Sunday, November 17, 2019

HumBug: Late Butterflies, Hornets and Moths

Posted By on Sun, Nov 17, 2019 at 5:37 PM

A quick walk along the Van Duzen River turned up one each variegated meadowhawk and shadow darner dragonflies neither of which allowed me to get close enough to get a photo. It's OK, I have hundreds of shots of the meadowhawk and dozens of the shadow.

We got glimpses of a California sister butterfly, a cabbage butterfly, and an American rubyspot damselfly. They were all too active for pictures.
click to enlarge Mylitta crescent, notches out of its wings show it has been around. - PHOTO BY ANTHONY WESTKAMPER
  • Photo by Anthony Westkamper
  • Mylitta crescent, notches out of its wings show it has been around.

There were several mylitta crescent butterflies (Phyciodes mylitta) that did allow me to get almost close enough. Thank goodness I had my highest resolution camera, which allowed me to blow up and crop the pictures while maintaining some image quality. My favorite of the day shows a bit of wear and tear revealing it has had an adventurous life.
click to enlarge Bald faced hornet sips nectar. - PHOTO BY ANTHONY WESTKAMPER
  • Photo by Anthony Westkamper
  • Bald faced hornet sips nectar.

A bald faced hornet was working my neighbor's shrub. Although they have the reputation of being nasty tempered and aggressive, I haven't really found them to be that bad, allowing me to get close enough for portraits without any mishap. I have heard them buzz their wings making an unusually threatening sound when I've gotten close. I backed off and there was no mishap. They can be very protective of their nest, however.
click to enlarge Bald faced hornet closeup and personal. - PHOTO BY ANTHONY WESTKAMPER
  • Photo by Anthony Westkamper
  • Bald faced hornet closeup and personal.
I've found several metepeira spider webs lately. Usually suspended about head high in a bush, it is a messy web that conceals a small orb, giving the genus its common name, labyrinthine orb weaver spider. You have to look for the orb hidden in amongst the random strands. Also they construct a tubular retreat of dried leaves near the center of their maze. This web form is diagnostic for this genus.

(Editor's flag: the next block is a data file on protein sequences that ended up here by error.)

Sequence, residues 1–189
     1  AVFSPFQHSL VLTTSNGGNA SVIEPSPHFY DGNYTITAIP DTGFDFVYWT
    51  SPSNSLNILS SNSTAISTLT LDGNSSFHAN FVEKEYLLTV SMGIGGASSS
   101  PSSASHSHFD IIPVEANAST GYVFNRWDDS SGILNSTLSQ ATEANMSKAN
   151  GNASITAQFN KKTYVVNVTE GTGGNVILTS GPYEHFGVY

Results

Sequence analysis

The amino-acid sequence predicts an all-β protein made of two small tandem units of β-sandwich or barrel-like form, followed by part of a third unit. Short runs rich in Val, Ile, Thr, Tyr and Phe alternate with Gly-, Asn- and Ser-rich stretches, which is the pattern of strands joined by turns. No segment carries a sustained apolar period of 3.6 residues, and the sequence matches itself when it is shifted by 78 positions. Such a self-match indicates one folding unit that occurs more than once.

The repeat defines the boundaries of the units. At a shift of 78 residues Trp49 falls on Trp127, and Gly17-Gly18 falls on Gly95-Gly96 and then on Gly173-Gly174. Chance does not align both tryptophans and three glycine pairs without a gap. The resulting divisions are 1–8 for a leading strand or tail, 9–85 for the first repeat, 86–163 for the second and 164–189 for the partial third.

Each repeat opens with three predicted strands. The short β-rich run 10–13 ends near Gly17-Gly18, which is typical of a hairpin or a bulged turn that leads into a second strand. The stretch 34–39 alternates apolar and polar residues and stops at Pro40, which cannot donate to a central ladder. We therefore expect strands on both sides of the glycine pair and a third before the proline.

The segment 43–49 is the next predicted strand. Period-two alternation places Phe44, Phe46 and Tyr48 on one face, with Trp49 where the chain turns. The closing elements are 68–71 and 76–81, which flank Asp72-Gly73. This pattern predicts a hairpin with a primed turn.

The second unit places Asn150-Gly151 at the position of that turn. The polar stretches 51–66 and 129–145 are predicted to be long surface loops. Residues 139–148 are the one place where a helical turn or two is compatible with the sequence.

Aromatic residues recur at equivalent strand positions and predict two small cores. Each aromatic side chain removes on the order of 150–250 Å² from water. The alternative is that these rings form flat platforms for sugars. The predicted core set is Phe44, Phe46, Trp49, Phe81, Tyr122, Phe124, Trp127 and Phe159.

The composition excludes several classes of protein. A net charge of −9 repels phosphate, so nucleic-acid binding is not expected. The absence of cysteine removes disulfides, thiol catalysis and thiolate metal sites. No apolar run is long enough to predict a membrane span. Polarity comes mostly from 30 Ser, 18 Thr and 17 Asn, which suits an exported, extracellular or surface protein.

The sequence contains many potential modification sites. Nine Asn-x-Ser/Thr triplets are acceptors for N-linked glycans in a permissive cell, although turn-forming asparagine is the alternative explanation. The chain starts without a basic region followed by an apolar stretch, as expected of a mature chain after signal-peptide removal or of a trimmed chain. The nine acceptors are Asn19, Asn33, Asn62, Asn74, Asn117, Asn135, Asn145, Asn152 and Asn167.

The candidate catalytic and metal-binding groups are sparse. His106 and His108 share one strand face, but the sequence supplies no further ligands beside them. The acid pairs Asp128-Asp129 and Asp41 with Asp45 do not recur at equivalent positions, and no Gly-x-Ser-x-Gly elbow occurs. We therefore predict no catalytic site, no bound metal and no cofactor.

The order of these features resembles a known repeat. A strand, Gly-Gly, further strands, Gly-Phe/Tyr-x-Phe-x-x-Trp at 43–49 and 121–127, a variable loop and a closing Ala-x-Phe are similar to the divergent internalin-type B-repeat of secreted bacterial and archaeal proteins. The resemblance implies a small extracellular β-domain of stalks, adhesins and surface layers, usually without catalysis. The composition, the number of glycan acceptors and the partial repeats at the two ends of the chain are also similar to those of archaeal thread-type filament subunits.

click to enlarge Labyrinthine orb weaver spider's web shows a portion of the orb web concealed in the maze and her retreat. - PHOTO BY ANTHONY WESTKAMPER
  • Photo by Anthony Westkamper
  • Labyrinthine orb weaver spider's web shows a portion of the orb web concealed in the maze and her retreat.
Late last evening I noticed a small moth on my bathroom wall. I recognized it as a plume moth, which gets its name for its hind wing, which is more like a bird's feather than a wing membrane characteristic of most insects. This feature is usually difficult to see when they are at rest since they conceal the hind wing under the more normal front wing. This one was posed with its wings over its back and I took the shot. Afterward I examined it more closely and found it wings were being held in that unnatural pose by a strand of spider web. I released it and sent it about its business.
click to enlarge Plume moth wings in unusual wings over back shows fringe of the "plume" hind wings. - PHOTO BY ANTHONY WESTKAMPER
  • Photo by Anthony Westkamper
  • Plume moth wings in unusual wings over back shows fringe of the "plume" hind wings.
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